Yes, maybe this would stretch the resources of some of the constituents (even the big ones), and maybe some wouldn’t want to do it. But maybe some would. You could have a special evening show, with lights, with everybody’s fountain fun on display. You’d get attention, and — no small thing — have a wonderful time.  There could be live music, food, a little festival.

The way to get attention is to make some noise. Don’t we want to do that in the arts?

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  1. Lawrence de Martin says

    I can understand why posters and banners have low priority. Few people look up from their phones to notice them. From the numbers pulling out their phones during performances, the digital attention deficit is more compelling than the drama on stage even in the “target demographic”. More telling, ticket sales are on the order of one third of the budget. Do you imagine that better posters are going to induce benefactors to write bigger checks? OTOH, the water feature fits perfectly with the sensibilities of the 1%.

    Attacking this problem has to start at the grassroots. A return to human scale shared experience makes a more compelling case to “capture eyeballs” and expand the audience for acoustic music than the spectacles in halls so large the intimacy and articulation is lost.

    • says

      You say this with such confidence. But I’m going to guess that you weren’t at Lincoln Center Wednesday, when I was. And when people were sitting in the sun, and walking around, and for the most part not looking at their phones. Instead, as people do in public places, they were taking in the scene. Perfectly ready to be drawn in by anything Lincoln Center or any of its constituents might want to show them.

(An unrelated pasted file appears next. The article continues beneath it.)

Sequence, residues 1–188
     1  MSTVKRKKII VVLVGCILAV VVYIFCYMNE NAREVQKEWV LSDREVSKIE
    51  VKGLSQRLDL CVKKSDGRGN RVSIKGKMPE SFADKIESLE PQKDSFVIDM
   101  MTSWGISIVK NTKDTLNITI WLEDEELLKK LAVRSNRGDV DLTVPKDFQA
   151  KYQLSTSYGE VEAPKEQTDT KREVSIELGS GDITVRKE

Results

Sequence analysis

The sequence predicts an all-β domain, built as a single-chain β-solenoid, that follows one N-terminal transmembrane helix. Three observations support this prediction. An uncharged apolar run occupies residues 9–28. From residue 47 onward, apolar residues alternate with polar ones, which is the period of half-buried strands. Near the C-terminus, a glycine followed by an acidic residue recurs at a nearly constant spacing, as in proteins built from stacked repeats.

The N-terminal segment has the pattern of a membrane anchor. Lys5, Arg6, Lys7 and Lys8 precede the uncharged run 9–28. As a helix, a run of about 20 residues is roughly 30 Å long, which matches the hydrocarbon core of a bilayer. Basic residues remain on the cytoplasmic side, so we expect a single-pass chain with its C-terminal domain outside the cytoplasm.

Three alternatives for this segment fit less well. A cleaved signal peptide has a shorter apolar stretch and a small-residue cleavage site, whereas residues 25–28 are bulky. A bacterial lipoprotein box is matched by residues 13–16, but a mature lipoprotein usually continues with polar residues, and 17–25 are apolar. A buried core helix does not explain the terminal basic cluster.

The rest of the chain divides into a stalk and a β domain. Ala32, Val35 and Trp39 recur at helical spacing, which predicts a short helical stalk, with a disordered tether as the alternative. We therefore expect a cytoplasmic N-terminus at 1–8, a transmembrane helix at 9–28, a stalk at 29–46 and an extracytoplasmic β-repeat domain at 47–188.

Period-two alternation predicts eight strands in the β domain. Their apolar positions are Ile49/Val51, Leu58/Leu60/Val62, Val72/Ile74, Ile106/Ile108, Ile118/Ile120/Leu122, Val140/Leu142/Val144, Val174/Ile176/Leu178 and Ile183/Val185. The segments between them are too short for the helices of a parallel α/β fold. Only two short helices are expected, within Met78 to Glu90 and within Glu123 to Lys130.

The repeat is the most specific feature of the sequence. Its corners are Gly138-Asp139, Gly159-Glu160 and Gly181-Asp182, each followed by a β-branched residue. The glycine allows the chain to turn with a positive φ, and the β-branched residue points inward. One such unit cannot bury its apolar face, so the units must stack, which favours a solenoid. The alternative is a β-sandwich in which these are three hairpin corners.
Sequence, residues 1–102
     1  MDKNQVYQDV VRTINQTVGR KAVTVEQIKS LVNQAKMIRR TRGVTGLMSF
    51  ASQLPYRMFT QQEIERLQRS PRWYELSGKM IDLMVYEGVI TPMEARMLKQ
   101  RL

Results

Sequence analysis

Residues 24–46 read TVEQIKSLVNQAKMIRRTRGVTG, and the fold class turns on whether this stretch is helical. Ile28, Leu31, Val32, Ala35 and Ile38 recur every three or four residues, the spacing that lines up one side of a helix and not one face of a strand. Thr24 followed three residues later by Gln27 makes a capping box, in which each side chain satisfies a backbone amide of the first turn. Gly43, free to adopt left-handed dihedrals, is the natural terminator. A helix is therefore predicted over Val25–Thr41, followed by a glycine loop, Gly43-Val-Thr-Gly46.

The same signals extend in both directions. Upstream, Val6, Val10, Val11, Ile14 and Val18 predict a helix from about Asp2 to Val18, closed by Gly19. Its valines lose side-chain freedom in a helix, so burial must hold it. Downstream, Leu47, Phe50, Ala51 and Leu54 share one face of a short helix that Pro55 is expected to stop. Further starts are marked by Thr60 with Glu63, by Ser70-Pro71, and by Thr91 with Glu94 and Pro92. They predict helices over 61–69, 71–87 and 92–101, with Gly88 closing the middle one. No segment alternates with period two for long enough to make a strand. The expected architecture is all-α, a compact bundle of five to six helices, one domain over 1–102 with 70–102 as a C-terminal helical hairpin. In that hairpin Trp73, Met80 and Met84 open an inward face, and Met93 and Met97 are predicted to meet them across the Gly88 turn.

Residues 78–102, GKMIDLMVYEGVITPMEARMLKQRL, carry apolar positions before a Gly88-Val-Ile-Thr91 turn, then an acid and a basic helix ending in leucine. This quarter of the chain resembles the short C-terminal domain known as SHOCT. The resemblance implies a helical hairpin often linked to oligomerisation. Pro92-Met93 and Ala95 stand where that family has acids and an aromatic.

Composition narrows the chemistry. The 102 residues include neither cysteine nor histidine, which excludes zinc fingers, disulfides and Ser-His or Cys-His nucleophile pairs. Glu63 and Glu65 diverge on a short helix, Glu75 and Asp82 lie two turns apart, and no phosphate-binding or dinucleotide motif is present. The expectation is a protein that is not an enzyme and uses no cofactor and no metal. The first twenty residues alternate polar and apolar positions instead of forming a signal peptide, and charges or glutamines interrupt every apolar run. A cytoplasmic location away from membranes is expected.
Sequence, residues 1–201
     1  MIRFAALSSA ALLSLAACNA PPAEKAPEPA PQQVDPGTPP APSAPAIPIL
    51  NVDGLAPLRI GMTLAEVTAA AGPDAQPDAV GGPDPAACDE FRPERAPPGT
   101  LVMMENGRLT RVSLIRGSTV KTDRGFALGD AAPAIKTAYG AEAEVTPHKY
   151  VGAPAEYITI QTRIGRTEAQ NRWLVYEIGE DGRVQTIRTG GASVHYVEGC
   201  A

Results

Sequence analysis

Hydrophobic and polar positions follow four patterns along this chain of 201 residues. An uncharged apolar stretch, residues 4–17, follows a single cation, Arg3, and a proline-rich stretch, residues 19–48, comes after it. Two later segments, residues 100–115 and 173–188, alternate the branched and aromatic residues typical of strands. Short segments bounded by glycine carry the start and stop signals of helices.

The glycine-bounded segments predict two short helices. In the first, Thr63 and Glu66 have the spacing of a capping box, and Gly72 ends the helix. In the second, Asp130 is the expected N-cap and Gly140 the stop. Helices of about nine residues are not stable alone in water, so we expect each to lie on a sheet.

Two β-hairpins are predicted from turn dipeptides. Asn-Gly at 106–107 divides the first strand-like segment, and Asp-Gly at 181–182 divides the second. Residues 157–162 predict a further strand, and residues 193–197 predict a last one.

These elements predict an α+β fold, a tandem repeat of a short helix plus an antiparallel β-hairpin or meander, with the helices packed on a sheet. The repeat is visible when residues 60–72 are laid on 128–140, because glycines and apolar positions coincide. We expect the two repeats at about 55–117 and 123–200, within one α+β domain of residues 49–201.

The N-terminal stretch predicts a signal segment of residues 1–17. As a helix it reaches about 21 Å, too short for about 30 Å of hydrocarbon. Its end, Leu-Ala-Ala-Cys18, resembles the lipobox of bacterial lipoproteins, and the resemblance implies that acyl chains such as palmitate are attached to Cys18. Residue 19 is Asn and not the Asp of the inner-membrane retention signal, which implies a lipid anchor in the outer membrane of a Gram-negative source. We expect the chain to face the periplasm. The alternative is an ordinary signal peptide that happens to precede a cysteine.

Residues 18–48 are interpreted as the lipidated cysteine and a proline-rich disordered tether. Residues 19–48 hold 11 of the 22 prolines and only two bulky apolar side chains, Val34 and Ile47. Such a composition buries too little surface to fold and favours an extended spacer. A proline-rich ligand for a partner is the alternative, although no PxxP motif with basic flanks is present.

You talk, again with such confidence, about ticket sales amounting to only 1/3 of the budget, a rather well known fact. I may have encountered it previously myself. But a long-term decline in ticket sales is quite serious for any performing arts organization, for many reasons that should be obvious to you. First, loss of income, which is real even if ticket sales are only part of total revenue. An orchestra with a tight $60 million budget that loses $1 million in ticket sales might well (this is not theoretical) find itself running a $1 million deficit.

      Second, loss of donations. Many donors come from the audience. Certainly that’s the strategy organizations follow, as I’ve heard said countless times by insiders. Turn single-ticket buyers into subscribers, turn subscribers into small donors, turn smaller donors into people who give larger sums, turn larger donors into people who leave money to the orchestra in their wills. If your audience gets smaller, you’ll have fewer donors. Deficits loom once again.